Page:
Following years of mystery, we may finally have some insight into the man who came up with the digital cryptocurrency Bitcoin
According to a report this morning from the BBC, Australian entrepreneur Craig Wright has stepped forward taking credit for the creation of Bitcoin back in 2008 under the nom de guerre Satoshi Nakamoto.
In his interview with the BBC, Wright is said to have shown reporters technical proof that he is Nakamoto by accessing Bitcoins that are known to be in possession by the system’s creator.
Backing up his claim, the BBC article cites confirmation from the project’s core development team and other leading figures in the community.
Wright appears to be unhappy about coming forward, making protestations to the camera during his interview that all he wants is to work and be left alone. He repeats a number of times, perhaps unconvincingly, that he does not want money or fame, going on to list a number of awards including the Nobel that he would refuse if nominated.
Following reports last year by leading tech sites Wired and Gizmodo that Wright could be the heads on the coin, he fell under significant auditing from the Australian Tax Office in what the government body claims is an unrelated investigation.
Working in a gray area
While many in the tech and crypto crowd would probably be more than happy to take credit for launching the Bitcoin movement, it is not without its risks and frustrations. Along with it being an easily transferable currency and having played a big role in helping to advance the ledger technology in the public discourse, Bitcoin has had its darker sides as well.
Bitcoin is often used by trouble makers on the internet to pay for illicit goods and services, like hacking, scams, piracy, and in the case of the Silk Road, drugs and murder for hire. This is not to say that there aren’t plenty of legitimate uses for Bitcoin and its Blockchain technology, but government regulators and law enforcement have found themselves in a bind without any good solutions for how to manage the new horizon of digital payments, leading to mostly to confusion and frustration.
So while no explicit threat has been made against the creator of Bitcoin, there is reasonable expectation that Wright could face some unwanted scrutiny from authorities and / or others.
Facing a skeptical community
For the time being, despite the assurances from the BBC and others that Wright is in fact Satoshi Nakamoto, the Bitcoin community appears to remain skeptical until proven otherwise.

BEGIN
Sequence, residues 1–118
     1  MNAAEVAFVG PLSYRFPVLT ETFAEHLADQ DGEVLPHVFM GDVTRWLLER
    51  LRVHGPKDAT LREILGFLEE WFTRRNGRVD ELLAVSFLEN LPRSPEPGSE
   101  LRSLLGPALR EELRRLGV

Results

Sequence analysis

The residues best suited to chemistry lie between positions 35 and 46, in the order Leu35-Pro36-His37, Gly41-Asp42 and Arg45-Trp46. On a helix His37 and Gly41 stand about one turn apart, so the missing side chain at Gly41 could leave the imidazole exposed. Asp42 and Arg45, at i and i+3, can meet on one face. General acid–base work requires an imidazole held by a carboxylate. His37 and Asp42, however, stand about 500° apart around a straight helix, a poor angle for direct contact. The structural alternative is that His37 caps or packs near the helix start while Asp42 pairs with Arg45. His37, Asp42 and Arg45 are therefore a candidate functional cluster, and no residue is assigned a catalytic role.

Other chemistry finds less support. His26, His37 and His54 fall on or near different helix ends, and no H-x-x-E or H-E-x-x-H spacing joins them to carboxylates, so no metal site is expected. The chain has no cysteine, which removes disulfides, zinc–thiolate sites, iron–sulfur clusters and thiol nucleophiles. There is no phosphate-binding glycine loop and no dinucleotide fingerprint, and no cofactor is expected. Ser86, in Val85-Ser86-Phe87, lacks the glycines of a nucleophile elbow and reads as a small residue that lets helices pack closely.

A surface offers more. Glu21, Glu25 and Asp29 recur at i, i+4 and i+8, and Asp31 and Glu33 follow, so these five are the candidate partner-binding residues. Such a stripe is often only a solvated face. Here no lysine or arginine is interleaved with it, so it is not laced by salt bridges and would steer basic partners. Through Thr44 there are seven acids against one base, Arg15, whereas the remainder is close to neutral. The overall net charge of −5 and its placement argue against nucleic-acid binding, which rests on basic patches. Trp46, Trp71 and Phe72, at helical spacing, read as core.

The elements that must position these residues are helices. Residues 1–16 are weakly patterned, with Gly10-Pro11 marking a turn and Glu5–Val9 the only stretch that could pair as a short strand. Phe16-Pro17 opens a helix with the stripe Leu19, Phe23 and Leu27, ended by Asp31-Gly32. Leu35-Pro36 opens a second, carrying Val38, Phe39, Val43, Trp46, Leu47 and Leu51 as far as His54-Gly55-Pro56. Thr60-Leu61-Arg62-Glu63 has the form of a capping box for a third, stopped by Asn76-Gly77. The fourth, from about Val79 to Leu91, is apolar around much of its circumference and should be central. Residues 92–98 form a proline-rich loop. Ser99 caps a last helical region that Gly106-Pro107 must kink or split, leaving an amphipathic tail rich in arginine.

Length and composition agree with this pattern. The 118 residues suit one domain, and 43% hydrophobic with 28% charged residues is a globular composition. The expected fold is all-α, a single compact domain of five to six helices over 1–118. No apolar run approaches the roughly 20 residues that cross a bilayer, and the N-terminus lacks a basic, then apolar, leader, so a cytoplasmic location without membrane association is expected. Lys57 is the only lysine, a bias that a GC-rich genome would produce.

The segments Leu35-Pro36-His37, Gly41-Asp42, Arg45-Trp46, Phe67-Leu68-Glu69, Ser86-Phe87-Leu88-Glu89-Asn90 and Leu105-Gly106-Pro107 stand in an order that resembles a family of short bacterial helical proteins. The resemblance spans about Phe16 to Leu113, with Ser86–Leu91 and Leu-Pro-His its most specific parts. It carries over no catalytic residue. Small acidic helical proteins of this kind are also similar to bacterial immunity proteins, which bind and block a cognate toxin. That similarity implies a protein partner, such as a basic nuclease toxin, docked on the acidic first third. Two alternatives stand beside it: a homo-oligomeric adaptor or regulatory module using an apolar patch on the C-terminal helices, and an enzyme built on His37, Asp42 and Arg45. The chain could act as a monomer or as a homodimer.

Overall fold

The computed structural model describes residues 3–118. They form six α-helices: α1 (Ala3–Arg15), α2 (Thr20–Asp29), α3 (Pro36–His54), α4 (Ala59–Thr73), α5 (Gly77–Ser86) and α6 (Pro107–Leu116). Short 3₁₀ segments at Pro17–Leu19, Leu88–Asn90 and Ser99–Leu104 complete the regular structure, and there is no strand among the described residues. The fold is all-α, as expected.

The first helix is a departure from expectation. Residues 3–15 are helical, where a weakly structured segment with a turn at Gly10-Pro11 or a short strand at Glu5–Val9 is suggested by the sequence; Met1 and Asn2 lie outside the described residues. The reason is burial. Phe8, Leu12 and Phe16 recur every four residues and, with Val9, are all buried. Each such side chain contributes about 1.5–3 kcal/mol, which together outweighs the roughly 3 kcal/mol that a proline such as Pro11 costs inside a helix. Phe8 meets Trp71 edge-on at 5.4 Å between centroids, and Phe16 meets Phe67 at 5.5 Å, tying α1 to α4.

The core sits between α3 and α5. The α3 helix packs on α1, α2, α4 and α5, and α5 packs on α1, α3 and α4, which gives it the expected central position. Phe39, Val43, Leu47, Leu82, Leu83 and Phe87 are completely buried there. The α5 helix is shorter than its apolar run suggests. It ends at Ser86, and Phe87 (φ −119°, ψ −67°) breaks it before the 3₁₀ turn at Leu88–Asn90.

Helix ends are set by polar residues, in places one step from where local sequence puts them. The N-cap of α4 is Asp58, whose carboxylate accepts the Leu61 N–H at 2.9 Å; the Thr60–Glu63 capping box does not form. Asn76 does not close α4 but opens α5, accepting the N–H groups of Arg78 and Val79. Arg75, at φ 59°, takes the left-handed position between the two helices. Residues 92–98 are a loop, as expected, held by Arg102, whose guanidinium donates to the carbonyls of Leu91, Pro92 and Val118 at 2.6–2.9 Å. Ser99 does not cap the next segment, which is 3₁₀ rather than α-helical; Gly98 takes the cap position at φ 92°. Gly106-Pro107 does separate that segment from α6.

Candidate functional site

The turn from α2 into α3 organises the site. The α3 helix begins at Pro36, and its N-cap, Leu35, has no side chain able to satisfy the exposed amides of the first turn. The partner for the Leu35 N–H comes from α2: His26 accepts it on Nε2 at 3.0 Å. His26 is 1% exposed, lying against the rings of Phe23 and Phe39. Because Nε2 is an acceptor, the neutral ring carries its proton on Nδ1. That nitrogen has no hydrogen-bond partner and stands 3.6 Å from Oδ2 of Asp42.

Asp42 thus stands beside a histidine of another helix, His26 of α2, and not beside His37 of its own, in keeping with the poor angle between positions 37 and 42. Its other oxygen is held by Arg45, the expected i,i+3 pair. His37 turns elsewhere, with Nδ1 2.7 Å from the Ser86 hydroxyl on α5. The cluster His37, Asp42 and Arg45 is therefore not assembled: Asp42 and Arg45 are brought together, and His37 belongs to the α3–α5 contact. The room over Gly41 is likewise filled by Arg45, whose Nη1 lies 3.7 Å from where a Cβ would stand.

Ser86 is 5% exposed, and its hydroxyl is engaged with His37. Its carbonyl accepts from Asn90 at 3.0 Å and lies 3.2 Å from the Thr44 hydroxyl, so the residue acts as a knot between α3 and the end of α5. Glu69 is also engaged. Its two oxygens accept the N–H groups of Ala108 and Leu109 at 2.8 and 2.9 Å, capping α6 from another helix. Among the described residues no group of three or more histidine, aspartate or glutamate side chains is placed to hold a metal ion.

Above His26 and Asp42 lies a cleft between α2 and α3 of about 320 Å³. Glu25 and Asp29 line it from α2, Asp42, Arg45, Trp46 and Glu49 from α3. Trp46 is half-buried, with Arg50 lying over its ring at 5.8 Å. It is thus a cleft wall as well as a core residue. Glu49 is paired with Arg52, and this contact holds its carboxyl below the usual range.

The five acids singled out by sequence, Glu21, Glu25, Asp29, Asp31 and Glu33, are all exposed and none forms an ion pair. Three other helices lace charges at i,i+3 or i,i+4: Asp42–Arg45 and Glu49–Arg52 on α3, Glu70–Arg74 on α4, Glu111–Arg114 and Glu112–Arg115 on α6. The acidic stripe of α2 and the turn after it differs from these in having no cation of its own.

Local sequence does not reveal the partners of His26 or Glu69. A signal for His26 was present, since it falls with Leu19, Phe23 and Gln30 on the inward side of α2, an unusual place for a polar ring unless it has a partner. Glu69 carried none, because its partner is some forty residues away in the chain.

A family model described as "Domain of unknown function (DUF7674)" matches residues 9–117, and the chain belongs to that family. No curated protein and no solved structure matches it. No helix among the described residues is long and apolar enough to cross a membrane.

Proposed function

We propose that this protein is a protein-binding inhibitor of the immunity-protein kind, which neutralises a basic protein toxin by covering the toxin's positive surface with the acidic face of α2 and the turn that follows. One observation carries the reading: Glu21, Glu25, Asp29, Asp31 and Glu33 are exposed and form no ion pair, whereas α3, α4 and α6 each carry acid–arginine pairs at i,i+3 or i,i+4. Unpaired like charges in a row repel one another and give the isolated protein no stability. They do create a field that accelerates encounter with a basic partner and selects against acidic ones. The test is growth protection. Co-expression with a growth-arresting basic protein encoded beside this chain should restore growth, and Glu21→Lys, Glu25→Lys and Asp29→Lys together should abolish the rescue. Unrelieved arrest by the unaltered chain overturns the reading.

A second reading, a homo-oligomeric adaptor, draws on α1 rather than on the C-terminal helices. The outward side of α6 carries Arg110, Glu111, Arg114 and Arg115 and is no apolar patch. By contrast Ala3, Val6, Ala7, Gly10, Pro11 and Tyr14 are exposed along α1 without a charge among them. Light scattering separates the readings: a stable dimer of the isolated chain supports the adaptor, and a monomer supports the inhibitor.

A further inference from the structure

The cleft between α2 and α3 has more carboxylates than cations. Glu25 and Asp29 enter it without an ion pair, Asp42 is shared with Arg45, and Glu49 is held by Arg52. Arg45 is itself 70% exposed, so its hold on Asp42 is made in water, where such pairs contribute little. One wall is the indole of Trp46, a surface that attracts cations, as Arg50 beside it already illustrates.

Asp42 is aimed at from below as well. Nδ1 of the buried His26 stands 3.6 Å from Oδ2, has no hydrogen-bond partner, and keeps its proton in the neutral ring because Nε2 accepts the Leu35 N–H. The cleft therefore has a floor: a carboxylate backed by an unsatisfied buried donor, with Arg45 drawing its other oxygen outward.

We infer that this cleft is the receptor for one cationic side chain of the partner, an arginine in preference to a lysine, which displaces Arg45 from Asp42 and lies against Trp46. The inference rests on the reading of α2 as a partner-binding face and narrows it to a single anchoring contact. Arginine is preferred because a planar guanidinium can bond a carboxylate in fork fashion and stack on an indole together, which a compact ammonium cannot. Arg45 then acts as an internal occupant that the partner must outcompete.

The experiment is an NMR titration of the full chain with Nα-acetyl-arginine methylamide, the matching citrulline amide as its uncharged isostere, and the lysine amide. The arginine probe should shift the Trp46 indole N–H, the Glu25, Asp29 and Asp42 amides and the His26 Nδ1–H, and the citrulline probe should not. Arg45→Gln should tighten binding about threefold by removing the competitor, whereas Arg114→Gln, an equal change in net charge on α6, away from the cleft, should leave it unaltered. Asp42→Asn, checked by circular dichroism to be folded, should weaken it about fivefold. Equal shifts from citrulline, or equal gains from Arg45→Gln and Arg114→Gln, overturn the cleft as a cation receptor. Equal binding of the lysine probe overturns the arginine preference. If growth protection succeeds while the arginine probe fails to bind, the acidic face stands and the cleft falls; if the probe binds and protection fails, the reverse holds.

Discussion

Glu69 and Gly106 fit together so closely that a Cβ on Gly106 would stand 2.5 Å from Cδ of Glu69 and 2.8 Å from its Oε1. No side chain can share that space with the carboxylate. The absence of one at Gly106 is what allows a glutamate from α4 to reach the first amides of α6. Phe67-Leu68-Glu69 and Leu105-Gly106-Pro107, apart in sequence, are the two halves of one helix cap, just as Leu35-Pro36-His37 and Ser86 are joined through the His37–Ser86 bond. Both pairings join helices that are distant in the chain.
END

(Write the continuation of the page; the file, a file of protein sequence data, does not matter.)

In a statement issued this morning, the chairman of the Israeli Bitcoin Association Manny Rosenfeld has said that, “The revelation of Dr. Craig Wright as the person behind the name Satoshi Nakamoto is truly an exciting moment for all those involved in the amazing financial revolution of Bitcoin and digital currency. However, it is important to note that proving his identity can be done in an easy and public way, and for now, we have not yet seen this kind of proof presented in a transparent way. Basically, we are relying on reports from the media that they were shown the proof. So as long as it is not shown in a public manner and is thoroughly investigated by developers in the community, we will be unable to declare that [his claims] are legitimate.”
It is worth noting that in the past there has been some doubt as to whether Wright is in fact the source of Bitcoin. A report in Wired from December questioned the theory that he was behind it, citing discrepancies, including his academic record, the supercomputers in his possession, and holes in his blog posts which the online tech magazine say were backdated in a way that would insinuate that he may have been trying to lead investigators on a wild goose chase.
Even as the news broke, commentators on social media expressed their doubts about Wright, based heavily on their suspicions regarding his signature on a blog post, supposedly coming from Nakamoto.
Does it really matter if Craig Wright created Bitcoin?
At the time of writing, the USD/Bitcoin exchange rate stood at $454 to 1. According to Blockchain.info, there are roughly 15.5 million Bitcoins in existence, all together worth some $7.037 billion. With those kinds of numbers, it demands the public’s attention, even if most of us are hesitant about wading in at this time.
Love him, hate him, or still have no idea what the fuss is about Bitcoin, we may finally have a real face to put on the digital currency revolution. Or not. Until we see more proof that is accepted by the community, I personally will remain skeptical.
That said, while he may be its creator, the future of Bitcoin, Blockchain, and other associated technologies are out of his hands, and it doesn’t really matter where it came from. What matters is what we do with it, and where it goes from here.
Featured Image: screenshot from CCTV via YouTube